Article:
**Formulas**

*Although most problems cannot be solved through the direct application of a formula, a formula is often helpful in getting to a solution. So, it’s valuable to know the formulas that are likely to be most useful. Here are some important formulas.*

**Categories of Formulas**

Areas – **Triangle, Circle, Square, Rectangle, Trapezoid, Sphere, Cylinder**

**Probability, Combinations, Permutations**

**Pythagorean Theorem**, Sides of **30-60-90**, and **45-45-90** Triangles

Volumes – **Cube, Cylinder, Sphere, Cone, Pyramid**

**Individual Formulas**

**Area of a Circle**

\(\begin{align}A = \pi r^2\end{align}\)

In this formula, A is the area of the circle, and r is its radius.

**Surface Area of a Cylinder**

\(\begin{align}A = 2 \pi r^2 + 2 \pi r h\end{align}\)

or equivalently

\(\begin{align}A = 2 \pi r (r + h)\end{align}\)

In these formulas, A is the surface area of the cylinder, r is the radius of the circles at the top and bottom of the cylinder, and h is the cylinder’s height. For example, if the radius of the cylinder is 2, and the height is 6, then the surface area of the cylinder is

\(\begin{align}2 \pi \times 2 \times (2 + 6) = 32 \pi\end{align}\)

**Area of a Rectangle**

\(\begin{align}A = b \times h\end{align}\)

In this formula, A is the area of the rectangle, b is the length of the base of the rectangle, and h is its height. For example, if b is 6, and h is 4, then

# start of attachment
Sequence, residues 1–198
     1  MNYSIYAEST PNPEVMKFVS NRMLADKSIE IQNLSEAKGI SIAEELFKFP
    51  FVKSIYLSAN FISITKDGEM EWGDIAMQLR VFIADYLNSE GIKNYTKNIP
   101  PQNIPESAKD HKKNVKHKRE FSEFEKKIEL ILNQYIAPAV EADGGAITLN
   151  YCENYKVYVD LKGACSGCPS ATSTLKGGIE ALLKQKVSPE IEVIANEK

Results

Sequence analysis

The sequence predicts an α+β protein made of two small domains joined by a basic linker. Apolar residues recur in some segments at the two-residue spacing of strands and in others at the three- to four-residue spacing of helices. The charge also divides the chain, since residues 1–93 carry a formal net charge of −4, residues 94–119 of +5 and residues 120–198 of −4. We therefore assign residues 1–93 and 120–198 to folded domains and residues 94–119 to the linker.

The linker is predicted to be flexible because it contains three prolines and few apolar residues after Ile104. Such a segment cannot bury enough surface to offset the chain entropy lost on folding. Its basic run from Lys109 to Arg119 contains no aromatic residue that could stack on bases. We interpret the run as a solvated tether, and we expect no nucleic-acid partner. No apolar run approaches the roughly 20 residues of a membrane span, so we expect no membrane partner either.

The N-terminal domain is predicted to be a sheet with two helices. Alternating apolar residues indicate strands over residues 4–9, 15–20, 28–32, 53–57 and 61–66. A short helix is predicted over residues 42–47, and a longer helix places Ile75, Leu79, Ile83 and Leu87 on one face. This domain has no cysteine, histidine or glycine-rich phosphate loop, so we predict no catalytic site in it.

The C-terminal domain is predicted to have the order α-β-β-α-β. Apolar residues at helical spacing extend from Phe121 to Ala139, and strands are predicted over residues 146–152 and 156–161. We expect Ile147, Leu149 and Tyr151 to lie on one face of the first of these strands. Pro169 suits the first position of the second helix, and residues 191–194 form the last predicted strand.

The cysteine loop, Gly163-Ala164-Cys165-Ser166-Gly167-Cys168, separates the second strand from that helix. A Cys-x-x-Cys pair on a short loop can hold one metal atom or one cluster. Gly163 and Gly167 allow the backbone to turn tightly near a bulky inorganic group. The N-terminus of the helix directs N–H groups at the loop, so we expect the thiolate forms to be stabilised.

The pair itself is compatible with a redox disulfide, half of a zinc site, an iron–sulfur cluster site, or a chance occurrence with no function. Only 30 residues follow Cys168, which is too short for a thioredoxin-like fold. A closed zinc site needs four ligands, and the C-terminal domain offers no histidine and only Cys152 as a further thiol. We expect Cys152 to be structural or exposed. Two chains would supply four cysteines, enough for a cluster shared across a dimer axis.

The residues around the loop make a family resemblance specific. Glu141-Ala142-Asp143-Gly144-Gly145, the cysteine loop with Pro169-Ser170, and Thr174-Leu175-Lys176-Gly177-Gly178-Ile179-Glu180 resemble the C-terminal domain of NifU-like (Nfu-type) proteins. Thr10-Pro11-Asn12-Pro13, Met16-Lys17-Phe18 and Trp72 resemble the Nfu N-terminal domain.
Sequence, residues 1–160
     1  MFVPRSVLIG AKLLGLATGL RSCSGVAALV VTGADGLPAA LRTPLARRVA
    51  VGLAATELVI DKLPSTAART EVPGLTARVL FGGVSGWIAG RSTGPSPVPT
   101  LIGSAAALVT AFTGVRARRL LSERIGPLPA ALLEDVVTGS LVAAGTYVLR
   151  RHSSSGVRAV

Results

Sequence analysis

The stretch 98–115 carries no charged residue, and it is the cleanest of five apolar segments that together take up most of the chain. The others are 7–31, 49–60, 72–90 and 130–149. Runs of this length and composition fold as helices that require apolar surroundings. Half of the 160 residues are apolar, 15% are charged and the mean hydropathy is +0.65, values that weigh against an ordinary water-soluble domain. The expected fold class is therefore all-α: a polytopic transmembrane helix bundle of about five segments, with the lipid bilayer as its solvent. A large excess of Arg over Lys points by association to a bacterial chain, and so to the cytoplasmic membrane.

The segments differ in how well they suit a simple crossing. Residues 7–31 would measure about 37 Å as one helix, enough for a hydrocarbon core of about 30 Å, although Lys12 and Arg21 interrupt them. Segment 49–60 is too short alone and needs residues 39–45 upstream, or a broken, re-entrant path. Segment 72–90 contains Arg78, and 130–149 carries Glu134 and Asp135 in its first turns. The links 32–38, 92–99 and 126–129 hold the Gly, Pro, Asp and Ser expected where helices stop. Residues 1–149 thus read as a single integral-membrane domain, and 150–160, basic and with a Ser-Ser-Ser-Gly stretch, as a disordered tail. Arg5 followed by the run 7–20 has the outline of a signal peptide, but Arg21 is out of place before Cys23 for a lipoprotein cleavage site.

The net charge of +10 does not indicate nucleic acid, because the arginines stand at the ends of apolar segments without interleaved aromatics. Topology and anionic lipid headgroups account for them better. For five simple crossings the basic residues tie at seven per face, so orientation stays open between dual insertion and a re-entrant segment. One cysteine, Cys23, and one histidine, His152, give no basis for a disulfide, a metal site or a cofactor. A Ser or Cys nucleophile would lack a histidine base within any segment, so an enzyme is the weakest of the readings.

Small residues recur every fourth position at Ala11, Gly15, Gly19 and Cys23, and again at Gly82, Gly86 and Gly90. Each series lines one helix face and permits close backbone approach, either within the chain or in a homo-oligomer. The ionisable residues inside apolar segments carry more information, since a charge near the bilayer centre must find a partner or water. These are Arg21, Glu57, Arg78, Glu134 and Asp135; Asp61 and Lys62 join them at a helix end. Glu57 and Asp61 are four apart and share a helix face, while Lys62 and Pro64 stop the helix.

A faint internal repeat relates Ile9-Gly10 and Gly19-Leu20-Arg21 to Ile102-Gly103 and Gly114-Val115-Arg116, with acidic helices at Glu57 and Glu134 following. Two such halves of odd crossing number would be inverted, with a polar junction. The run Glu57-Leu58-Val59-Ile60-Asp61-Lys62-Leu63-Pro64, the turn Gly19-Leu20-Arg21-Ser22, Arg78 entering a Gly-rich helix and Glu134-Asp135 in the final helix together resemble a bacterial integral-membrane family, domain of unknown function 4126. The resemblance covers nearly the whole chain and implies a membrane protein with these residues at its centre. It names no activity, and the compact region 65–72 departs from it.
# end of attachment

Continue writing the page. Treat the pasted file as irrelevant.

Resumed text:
\(\begin{align}A = 6 \times 4 = 24\end{align}\)

**Surface Area of a Sphere**

\(\begin{align}A = 4 \pi r^2\end{align}\)

In this formula, A is the surface area of the sphere, and r is its radius. For example, if the radius of a sphere is 2, then its surface area is

\(\begin{align}4 \pi \times 2^2 = 16 \pi\end{align}\)

**Area of a Square**

\(\begin{align}A = s^2\end{align}\)

In this formula, A is the area of the square, and s is the length of each side of the square. For example, if the square is 5 on each side, then its area is

\(\begin{align}A = 5^2 = 25\end{align}\)

**Area of a Trapezoid**

\(\begin{align}A = h \frac{(b_1 + b_2)}{2}\end{align}\)

In this formula, A is the area of the trapezoid, h is the trapezoid’s height, and the b’s are the lengths of its two parallel sides.

**Area of a Triangle**

\(\begin{align}A = \frac{1}{2}bh\end{align}\)

In this formula, A is the area of the triangle, h is the height of the triangle, and b is its base. So, for example, if b is 6, and h is 4, then the area is

\(\begin{align}A = \frac{1}{2}(6 \times 4) = 12\end{align}\)

**Equation of a Circle**

\(\begin{align}(x – a)^2 + (y – b)^2 = r^2\end{align}\)

In this formula, r is the radius of the circle, and the point (a, b) on the coordinate plane is the center of the circle.

**Combinations of m things taken n at a time**, written as \(\begin{align}m\choose n \end{align}\)

is equal to

\(\begin{align}\frac{m!}{(m-n)!n!}\end{align}\)

**Permutations of m things taken n at a time**

is equal to

\(\begin{align}\frac{m!}{(m-n)!}\end{align}\)

**Probability of an Event**

\(\begin{align}\frac{m}{n}\end{align}\)

In this formula, n is the number of possible outcomes, and m is the number of favorable outcomes. For example, the probability that a die will show an even number on its face after being rolled is

\(\begin{align}\frac{3}{6}\end{align}\)